Vote below. Change your look, change your life!


'Eastbound & Down' is coming back: Get your F-bombs ready!

Eastbound_lFans of hilarious, unrepentantly crude, and life-lesson-phobic television rejoice: HBO has just picked up Eastbound & Down for a second season, which will air sometime in 2010. I’m thrilled, because I was worried about its future. When Danny McBride’s comedy about a foul-mouthed, steroid-sticking, drug-gobbling, incomprehensibly arrogant, washed-up baseball phenom-turned-gym teacher began, HBO barely gave it any press at all. Usually, they send out multiple episodes of their series in advance (as they did with season 2 of Flight of the Conchords, which was premiering at the same time), but with Eastbound there was deafening radio silence. It seemed odd that they wouldn’t be bragging about having a Will Ferrell-produced project featuring a rising star like McBride, who had just appeared in two comedy hits, Tropic Thunder and Pineapple Express. And yet we had to request a screener, just so Ken Tucker could give it an A-. It was as if Eastbound was the fat, racist family member the network didn’t want anyone to know about. When, in reality, Eastbound was the fat, racist family member they should have introduced to everyone.

I loved the show as soon as I saw it: McBride’s Kenny Powers was a masterwork of crudeness, so much so that I can’t really quote anything he said here. (Though I am partial to this statement from his motivational tapes: “If there’s one thing I hate, it’s losing. If there’s two things I hate, it’s losing and cancer.”) But I was amazed at how many other people discovered it on their own; it was so good that HBO couldn’t keep it a secret. I went to a dinner party during the show’s second week, and three different people, knowing I cover TV for EW, came up to me in a kind of weird daze, and said, “Have you seen this show Eastbound & Down? It’s hilarious!” They had this weird disbelievingly look on their face as they said it, as if they’d made this really weird and wonderful discovery and wanted to share it, but weren’t quite convinced it hadn’t just been a bizarre dream. I imagine this is the same look people have when they’ve just been abducted by aliens and seduced by a really hot martian.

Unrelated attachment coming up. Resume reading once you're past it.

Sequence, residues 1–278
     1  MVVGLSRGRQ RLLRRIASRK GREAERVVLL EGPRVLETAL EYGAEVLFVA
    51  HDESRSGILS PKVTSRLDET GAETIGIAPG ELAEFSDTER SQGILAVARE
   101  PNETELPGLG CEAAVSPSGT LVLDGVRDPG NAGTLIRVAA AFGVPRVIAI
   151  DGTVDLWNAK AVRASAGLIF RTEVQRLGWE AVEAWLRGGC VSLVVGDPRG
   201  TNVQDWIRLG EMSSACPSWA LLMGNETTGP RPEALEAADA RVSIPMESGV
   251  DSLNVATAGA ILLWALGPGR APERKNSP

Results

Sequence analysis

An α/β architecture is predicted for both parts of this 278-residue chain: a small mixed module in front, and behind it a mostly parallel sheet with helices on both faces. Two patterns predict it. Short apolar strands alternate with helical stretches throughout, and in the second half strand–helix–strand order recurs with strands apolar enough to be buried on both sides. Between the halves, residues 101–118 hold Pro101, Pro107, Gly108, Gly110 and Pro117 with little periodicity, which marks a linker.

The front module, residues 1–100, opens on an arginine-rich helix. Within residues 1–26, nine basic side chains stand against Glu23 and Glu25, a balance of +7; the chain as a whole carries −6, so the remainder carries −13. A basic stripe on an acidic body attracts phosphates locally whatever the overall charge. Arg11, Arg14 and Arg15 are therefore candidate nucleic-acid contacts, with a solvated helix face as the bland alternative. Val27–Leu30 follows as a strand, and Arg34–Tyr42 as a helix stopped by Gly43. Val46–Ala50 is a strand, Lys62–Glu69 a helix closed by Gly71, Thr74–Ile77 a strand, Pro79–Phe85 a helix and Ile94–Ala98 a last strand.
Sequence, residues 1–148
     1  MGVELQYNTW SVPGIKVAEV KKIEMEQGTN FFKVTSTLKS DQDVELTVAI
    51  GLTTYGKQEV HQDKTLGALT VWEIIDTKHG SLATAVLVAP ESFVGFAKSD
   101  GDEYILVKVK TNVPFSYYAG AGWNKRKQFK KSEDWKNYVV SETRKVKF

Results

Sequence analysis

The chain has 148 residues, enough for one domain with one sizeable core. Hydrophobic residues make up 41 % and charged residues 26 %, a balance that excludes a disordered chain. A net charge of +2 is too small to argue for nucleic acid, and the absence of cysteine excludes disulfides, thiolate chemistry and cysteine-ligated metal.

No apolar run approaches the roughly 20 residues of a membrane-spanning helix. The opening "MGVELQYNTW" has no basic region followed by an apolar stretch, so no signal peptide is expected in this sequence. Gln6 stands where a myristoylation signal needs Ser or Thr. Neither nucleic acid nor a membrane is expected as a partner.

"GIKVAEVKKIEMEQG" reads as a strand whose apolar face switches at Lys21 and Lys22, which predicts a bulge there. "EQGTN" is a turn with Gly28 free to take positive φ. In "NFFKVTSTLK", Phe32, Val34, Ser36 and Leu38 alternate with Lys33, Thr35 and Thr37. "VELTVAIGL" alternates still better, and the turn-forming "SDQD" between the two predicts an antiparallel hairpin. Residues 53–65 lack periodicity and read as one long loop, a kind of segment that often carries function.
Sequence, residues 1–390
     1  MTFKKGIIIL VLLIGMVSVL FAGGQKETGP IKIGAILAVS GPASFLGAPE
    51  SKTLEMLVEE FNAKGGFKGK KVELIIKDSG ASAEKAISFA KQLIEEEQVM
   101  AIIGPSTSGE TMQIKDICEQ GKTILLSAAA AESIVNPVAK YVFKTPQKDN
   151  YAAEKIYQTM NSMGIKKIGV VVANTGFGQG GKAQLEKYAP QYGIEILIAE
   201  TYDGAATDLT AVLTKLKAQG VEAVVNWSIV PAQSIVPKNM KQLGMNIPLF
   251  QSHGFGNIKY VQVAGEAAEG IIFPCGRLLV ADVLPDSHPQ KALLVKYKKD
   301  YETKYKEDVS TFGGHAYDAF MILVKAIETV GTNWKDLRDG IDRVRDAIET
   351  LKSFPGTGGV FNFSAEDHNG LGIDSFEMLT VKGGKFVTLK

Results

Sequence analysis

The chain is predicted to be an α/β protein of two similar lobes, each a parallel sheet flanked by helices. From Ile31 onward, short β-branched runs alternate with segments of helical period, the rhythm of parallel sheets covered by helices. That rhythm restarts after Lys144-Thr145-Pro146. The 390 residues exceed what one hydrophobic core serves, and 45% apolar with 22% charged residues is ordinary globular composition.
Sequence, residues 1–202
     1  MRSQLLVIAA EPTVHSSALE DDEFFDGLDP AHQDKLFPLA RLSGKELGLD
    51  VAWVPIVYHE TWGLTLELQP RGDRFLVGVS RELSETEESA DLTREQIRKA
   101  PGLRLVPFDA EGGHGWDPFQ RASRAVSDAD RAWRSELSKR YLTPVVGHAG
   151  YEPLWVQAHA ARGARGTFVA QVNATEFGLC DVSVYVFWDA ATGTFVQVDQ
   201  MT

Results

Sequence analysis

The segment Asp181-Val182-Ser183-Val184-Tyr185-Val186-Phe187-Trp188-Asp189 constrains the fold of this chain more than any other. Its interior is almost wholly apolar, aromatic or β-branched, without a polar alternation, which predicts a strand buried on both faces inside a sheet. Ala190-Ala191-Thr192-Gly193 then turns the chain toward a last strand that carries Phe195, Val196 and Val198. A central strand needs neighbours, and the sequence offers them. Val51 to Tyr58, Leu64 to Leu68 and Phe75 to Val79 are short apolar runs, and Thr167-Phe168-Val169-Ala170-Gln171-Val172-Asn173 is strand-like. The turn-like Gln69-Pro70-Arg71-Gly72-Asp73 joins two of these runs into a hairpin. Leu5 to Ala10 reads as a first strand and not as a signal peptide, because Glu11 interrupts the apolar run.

I’ll be curious to see where season 2 goes. Kenny seemed humbled last season, even before his offer to come back up to the majors fell apart. Will he go back to being his self-centered self? We last saw him driving away from town, having dumped April — the old girlfriend he convinced to leave her husband and run away with him — at a gas station. Will he come back to town and get his gym teacher job back, allowing him to call a whole new class of kids some variation on the word "wuss"? Will creepy car salesman Ashley Schaeffer (Ferrell) be waiting for him with a crowbar? At least we can hope for a tearful reunion with his vaguely brain-damaged acolyte, Stevie.

Did you join the Eastbound cult? And how did you discover it? And do you have trouble quoting it in mixed company?

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More ‘Eastbound & Down':
Ken Tucker: TV Review: ‘Eastbound & Down’
Snap Judgment: ‘Eastbound & Down’ premiere
Danny McBride: The next Will Ferrell
Ken Tucker: ‘Flight of the Conchords’ and ‘Eastbound & Down': Which ended funnier?